May 16th, 2013 by James Amaro
The Following Article is Reposted from the New York Times
WASHINGTON — The Obama administration on Thursday issued a new set of proposed rules governing hydraulic fracturing for oil and gas on public lands, moving further to address industry concerns about the costs and reporting burdens of federal regulation.
Spread of Hydrofracking Could Strain Water Resources in West, Study Finds (May 2, 2013)
The new Interior Department proposal, which is subject to 30 days of public comment and further revision, disappointed environmental advocates, who had pushed for full disclosure of the chemicals used in the drilling process and tougher standards for groundwater protection and well integrity.
The new rule allows oil companies to keep some components of their drilling fluids secret and will allow them to run well integrity tests on one representative well rather than all wells in a field where the geology and well construction techniques are similar.
The proposed regulation, which revises one proposed a year ago, also allows drillers to comply with state regulations in places where federal officials deem them as tough or tougher than the applicable federal rules.
Environmental advocacy groups and industry officials were critical of the proposed rules.
“Comparing today’s rule governing fracking on public lands with the one proposed a year earlier, it is clear what happened: the Bureau of Land Management caved to the wealthy and powerful oil and gas industry and left the public to fend for itself,” said Jessica Ennis, legislative representative for Earthjustice.
Kathleen Sgamma, vice president of government affairs for Western Energy Alliance, an association of oil companies, said: “While the current rule is better than the first impractical rule, D.O.I. still has not justified the rule from an economic or scientific point of view. It continues to second-guess states and tribes, and will hurt job creation and economic growth in Western communities.”
Production of domestic oil and natural gas has surged in recent years through the use of hydraulic fracturing, or fracking, and horizontal drilling.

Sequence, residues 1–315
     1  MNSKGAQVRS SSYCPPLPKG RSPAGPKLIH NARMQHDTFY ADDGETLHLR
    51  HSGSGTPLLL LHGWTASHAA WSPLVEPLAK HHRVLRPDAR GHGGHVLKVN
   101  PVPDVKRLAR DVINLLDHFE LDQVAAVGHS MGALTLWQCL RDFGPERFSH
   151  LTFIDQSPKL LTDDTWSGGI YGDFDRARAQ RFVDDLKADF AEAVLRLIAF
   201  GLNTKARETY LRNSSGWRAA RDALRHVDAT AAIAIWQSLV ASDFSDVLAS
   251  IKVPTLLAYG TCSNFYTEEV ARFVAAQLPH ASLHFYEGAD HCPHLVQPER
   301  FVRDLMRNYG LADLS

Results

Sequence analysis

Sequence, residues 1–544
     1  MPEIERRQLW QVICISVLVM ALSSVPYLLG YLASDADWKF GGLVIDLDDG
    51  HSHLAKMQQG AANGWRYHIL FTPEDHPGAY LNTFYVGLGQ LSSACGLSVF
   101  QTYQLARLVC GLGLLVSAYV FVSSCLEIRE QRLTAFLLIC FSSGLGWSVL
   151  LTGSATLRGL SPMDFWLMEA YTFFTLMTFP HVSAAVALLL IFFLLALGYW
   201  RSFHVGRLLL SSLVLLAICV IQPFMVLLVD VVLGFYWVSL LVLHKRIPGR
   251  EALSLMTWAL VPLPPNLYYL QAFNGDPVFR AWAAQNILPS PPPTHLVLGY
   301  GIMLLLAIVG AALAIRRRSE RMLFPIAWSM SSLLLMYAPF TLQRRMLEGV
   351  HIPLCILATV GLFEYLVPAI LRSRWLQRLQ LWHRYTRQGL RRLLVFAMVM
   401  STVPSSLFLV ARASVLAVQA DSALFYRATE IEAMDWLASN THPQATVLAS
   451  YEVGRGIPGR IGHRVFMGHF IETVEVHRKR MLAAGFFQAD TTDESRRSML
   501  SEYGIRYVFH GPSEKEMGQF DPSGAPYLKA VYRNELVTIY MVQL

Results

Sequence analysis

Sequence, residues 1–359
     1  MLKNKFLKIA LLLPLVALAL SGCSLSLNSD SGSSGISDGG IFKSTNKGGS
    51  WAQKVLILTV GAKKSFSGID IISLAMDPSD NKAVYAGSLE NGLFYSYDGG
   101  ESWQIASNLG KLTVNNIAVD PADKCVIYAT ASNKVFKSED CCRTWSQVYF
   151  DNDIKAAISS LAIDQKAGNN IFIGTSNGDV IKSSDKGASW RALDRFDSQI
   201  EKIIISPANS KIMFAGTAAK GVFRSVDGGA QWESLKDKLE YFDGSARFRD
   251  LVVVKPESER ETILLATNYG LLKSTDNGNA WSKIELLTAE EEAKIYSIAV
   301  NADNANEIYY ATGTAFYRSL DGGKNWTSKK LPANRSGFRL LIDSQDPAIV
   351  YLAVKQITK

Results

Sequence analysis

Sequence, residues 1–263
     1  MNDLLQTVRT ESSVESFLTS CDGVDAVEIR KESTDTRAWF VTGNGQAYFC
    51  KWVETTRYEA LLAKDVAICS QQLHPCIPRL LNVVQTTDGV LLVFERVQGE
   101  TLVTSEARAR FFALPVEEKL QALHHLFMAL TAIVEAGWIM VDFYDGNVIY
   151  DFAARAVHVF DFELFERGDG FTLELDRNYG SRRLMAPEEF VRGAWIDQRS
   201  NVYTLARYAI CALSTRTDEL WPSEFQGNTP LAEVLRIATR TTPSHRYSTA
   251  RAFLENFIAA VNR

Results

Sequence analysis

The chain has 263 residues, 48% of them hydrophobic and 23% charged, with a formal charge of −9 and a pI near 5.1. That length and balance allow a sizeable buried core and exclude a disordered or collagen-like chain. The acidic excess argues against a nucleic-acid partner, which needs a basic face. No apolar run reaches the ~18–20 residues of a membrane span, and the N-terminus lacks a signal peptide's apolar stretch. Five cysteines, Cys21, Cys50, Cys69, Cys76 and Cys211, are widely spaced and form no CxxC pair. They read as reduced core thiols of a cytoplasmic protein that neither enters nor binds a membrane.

Among the concerns of property owners and environmentalists is that operators will be able to keep the composition of the drilling fluids secret. The rule requires that most fluids be logged on the industry-operated Web site FracFocus, although certain proprietary compounds can be kept confidential.
Interior officials said that they would consider using a different reporting scheme if one can be found.
The 171-page proposal is the first significant regulation issued under the new interior secretary, Sally Jewell. Ms. Jewell worked in the oil industry in the late 1970s and proudly said that she fracked a few wells in Oklahoma.
Ms. Jewell said in a conference call for reporters that the administration would continue to lease large tracts of public and Indian lands for oil and gas development and that it was critical that rules keep pace with technology.
Anticipating criticism from environmental advocates, she said: “I know there are those who say fracking is dangerous and should be curtailed, full stop. That ignores the reality that it has been done for decades and has the potential for developing significant domestic resources and strengthening our economy and will be done for decades to come.”
The draft rule affects drilling operations on the 700 million acres of public lands administered by the Bureau of Land Management, as well as 56 million acres of Indian lands. The Interior Department estimates that 90 percent of the 3,400 wells drilled each year on public land use hydraulic fracturing.
Ms. Jewell said the proposal ensures that best practices would govern drilling and protect human health and the environment. The full article is available here.